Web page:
Representation: From the get-go Poston makes a point that Hollywood has a serious white-washing problem, and thankfully Elle doesn’t stand for it. This problem is addressed multiple times in the narrative. From Elle hoping they don’t white-wash her precious Carmindor, to Darien noting that people think he got the role as Carmindor simply for not being white.

There is also some LGBT representation. The reference of a lesbian couple and the development of one. It’s done, in my opinion, very tastefully. None of the characters are sexualized and when the revelations are revealed it’s not a big deal to the people around them, because their personalities haven’t changed.


Oh the relationships! I’m not talking romantic either. First is Elle and Cal. Anyone who has even read a shred of this blog knows I’m a Meyer fan. So, of course while reading, I couldn’t help but think of Cinder and Peony. Peony, the one good sister Cinder had. Elle and Cal start off prior to Cinder and Peony’s relationship, but as the story progresses you know that’s where it’s headed. Hopefully, without one of them dying tragically.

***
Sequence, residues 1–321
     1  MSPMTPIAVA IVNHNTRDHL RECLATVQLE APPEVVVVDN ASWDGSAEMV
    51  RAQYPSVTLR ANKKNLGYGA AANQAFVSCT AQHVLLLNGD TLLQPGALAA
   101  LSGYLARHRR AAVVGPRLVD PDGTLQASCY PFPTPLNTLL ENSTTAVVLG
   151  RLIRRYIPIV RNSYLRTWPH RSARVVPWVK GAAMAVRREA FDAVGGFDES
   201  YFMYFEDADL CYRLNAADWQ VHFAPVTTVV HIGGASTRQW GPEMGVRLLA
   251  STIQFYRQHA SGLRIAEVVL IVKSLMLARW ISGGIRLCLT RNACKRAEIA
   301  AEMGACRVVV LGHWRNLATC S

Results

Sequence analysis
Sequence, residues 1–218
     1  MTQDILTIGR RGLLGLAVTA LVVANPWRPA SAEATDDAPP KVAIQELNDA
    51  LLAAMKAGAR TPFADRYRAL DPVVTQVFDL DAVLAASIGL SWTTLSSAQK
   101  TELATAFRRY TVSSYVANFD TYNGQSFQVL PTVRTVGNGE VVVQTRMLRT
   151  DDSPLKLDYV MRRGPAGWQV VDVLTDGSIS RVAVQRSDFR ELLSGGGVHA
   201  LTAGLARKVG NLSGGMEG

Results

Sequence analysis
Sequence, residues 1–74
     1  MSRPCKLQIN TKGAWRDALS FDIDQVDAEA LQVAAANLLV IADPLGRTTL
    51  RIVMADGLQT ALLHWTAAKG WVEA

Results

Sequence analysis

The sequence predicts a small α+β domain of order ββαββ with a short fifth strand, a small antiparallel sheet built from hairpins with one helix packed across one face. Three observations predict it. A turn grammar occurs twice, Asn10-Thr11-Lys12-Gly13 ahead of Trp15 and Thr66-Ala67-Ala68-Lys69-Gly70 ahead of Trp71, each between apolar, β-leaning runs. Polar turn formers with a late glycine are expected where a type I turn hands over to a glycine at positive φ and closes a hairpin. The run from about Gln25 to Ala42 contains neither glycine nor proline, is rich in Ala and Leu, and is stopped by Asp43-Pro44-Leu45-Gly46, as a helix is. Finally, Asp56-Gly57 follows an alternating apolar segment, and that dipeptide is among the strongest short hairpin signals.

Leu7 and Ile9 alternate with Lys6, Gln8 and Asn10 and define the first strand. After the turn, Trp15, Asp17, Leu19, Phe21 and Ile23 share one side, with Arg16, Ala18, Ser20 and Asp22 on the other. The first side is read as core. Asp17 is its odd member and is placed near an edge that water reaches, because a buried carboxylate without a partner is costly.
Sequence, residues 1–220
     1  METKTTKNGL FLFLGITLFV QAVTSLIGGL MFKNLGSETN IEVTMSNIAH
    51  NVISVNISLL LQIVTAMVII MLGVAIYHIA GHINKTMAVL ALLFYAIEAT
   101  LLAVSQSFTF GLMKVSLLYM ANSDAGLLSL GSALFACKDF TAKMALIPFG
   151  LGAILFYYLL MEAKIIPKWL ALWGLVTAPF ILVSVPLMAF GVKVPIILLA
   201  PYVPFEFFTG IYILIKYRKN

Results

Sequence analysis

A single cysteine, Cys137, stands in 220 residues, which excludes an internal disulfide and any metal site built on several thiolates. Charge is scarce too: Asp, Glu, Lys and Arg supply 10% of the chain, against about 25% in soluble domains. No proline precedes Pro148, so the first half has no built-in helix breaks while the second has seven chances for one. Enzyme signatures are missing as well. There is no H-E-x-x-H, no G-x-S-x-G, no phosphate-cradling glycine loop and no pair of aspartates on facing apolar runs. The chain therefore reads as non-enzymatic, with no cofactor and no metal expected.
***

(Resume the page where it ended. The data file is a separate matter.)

There are so many positive female relationships in this book too. Specifically, Elle and Sage. Sage happens to be Elle’s surprising, but not so surprising, fairy godmother, pumpkin truck and all.


So, this was actually carried out with Darien, which I thought was cool. In fact, there’s a scene where Darien weeps over not being able to eat bacon and I definitely pictured Chris Pratt weeping in his #WHATSMYSNACK segments on Instagram. Which, if you live under a rock, and haven’t seen them yet, you should totally check them out. They’re gold.

But it was cute, and I think well done. Dieting is hard. But robbing yourself of cheat days is even harder. How much bacon and Orange Crush did Darien ingest after promotions for the film wrapped up? The world will never know.